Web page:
By Nick Simonson
North Dakota’s recently released sharptailed grouse counts are a strong predictor of what hunters will encounter each fall in the field. This year’s tally of birds seen on spring mating grounds, called leks, showed an overall decline across the Roughrider state and early nesting attempts were likely hampered by late April blizzards across the birds’ western range, along with colder and damper conditions statewide into the month of May. On top of the decreased counts, this combination of challenging conditions likely thwarted early nesting attempts and could possibly blunt recruitment of new grouse into the population, according to Jesse Kolar, Upland Game Supervisor with the North Dakota Game & Fish Department (NDG&F).
“For grouse, I’d say our spring counts are a little more reliable than for pheasants. For pheasants it seems like it’s 100 percent related to reproduction. Grouse are a little bit slower to have their boom years, so usually the spring counts are a little more predictive,” he advises about the dip in observed birds, adding, “we were down 13 percent statewide and that varied; [there were] a little bit stronger declines in the southwest. There were noticeable declines the further east you went and most of that corresponded with what we saw last year on our brood route index for reproduction in upland game. We saw quite a few broods with fewer chicks than normal.”
Last year’s drought impacted the number of observed broods and the sizes of those seen by NDG&F agents surveying upland game on routes throughout the state in late summer. The dry conditions, which limited cover and reduced the production of insects required for young grouse to grow and survive, likely halved the number of birds normally brought into the population during the summer of 2021.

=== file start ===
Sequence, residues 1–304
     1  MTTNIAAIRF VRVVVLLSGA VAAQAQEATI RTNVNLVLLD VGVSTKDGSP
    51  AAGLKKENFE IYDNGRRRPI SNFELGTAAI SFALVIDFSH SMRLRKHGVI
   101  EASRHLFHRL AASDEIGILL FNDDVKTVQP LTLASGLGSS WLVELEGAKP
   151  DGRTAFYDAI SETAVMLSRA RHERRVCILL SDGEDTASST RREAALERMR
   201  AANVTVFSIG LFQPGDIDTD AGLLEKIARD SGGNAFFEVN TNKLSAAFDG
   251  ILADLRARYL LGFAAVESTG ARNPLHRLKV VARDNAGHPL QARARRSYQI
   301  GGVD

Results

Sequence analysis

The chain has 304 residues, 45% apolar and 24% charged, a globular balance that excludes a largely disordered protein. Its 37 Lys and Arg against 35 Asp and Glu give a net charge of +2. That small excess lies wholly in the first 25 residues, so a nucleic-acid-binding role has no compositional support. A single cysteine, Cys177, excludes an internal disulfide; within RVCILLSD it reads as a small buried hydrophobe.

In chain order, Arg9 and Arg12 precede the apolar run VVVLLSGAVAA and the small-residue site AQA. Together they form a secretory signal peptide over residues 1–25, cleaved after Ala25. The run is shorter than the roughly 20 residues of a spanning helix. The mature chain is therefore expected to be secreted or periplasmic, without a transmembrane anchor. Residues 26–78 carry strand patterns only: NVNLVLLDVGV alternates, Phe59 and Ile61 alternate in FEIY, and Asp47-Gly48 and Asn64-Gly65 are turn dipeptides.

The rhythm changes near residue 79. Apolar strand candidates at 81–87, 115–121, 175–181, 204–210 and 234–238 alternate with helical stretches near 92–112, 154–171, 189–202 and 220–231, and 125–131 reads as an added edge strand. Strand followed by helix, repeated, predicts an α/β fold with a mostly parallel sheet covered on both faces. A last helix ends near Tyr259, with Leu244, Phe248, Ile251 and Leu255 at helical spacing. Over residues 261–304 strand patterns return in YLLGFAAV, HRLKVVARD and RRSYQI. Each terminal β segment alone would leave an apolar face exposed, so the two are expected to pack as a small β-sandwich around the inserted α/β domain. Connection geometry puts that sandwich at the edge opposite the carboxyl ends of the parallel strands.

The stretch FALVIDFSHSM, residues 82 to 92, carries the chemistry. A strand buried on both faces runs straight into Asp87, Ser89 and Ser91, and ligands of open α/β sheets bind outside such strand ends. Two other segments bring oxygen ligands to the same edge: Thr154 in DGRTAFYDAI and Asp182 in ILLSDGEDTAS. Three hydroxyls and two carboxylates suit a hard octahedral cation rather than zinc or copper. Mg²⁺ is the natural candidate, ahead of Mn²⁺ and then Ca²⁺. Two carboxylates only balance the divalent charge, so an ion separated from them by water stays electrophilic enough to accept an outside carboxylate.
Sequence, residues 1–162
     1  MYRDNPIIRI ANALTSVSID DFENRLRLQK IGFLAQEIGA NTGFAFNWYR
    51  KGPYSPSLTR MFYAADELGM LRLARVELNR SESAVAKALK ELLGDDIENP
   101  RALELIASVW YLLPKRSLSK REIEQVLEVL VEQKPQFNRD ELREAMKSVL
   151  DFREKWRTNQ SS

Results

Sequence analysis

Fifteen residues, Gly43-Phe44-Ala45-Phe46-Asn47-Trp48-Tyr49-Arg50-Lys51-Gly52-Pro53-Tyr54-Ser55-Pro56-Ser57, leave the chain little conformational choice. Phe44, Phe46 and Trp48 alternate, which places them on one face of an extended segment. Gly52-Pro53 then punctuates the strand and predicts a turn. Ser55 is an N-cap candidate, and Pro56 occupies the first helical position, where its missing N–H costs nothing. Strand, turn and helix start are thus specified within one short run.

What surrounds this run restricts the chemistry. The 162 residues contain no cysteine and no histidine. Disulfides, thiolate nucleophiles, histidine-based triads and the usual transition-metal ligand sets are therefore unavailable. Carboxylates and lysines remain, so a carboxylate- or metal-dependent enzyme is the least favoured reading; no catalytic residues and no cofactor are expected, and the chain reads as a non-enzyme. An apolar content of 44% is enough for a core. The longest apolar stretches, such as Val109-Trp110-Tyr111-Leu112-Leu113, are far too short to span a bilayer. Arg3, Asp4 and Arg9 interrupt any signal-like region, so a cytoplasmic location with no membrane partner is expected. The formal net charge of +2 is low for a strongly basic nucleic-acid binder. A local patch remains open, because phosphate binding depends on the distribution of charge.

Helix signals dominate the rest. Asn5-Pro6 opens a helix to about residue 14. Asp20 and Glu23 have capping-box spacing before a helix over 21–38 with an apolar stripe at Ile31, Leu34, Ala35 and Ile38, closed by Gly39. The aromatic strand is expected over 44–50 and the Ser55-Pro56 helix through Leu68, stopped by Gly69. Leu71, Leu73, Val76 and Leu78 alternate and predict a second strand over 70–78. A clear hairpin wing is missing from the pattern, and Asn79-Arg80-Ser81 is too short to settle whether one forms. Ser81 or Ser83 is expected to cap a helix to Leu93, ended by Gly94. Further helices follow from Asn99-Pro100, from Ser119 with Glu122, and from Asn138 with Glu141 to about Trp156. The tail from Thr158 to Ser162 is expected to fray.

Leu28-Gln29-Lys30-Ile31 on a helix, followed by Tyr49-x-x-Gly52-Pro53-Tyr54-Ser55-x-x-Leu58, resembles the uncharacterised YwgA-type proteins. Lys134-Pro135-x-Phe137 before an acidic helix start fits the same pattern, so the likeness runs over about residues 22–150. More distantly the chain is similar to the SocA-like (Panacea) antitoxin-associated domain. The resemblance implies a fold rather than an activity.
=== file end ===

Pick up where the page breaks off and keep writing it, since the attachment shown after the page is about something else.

“That was confirmed with all the wings that hunters sent us in the fall. Again, normally we see two-to-one juveniles-to-adults, and [in 2021] we saw one-to-one, so lower reproduction last year led us to this year’s slight declines,” Kolar explains.
One bright spot for this season is the regrowth of the drought-hampered grasses on the landscape, as the spring snow storms, and notable rain events have helped habitat recover from the dry conditions of 2021. In turn, this has increased production of insect forage for grouse chicks and allowed vegetation to grow thicker and taller to provide broods with the needed cover to avoid avian predators such as hawks and to hide from ground predators as well. While sparse early grass conditions in hayed areas and those spaces where drought simply halted growth were not good for grouse nests, later attempts will likely be more successful where that vegetation grew back.
“They’ll be on nests from late-April all the way through, sometimes into early August. So, a lot of the early nesting season probably was a wash. First of all, some of the very early nests were during those April snow storms and then the storms and wet weather was pretty tough on incubating birds, especially in the beginning of the season when we didn’t have as much cover,” Kolar states of this year’s grouse nesting cycle, continuing, “early nesting was probably a loss here, and unfortunately that’s usually when nests have the most eggs. Their second and third nesting attempts will have fewer eggs each time. They might lay 12-to-15 eggs the first nest and then ten or eight in the next nest. We’ll see what that means, hopefully this additional cover will protect the chicks and the nests that are out there late this summer and give us some reproduction this year.”
NDG&F employees and agents are currently conducting roadside surveys for pheasants, grouse, and partridge to get a handle on where populations of those species and others such as mourning doves are at heading into fall. The survey began on July 20 and runs until August 31, with results published by the agency in early September. The North Dakota sharptailed grouse hunting season opens on Sept. 10, along with ruffed grouse, Hungarian partridge, and tree squirrels.
Simonson is the lead writer and editor of Dakota Edge Outdoors.
Featured Photo: Hunters will likely find fall sharptail hunting more challenging, as bird numbers dipped coming out of the drought, and early season nesting attempts were likely unsuccessful due to snow, cold temperatures and increased moisture. Simonson Photo.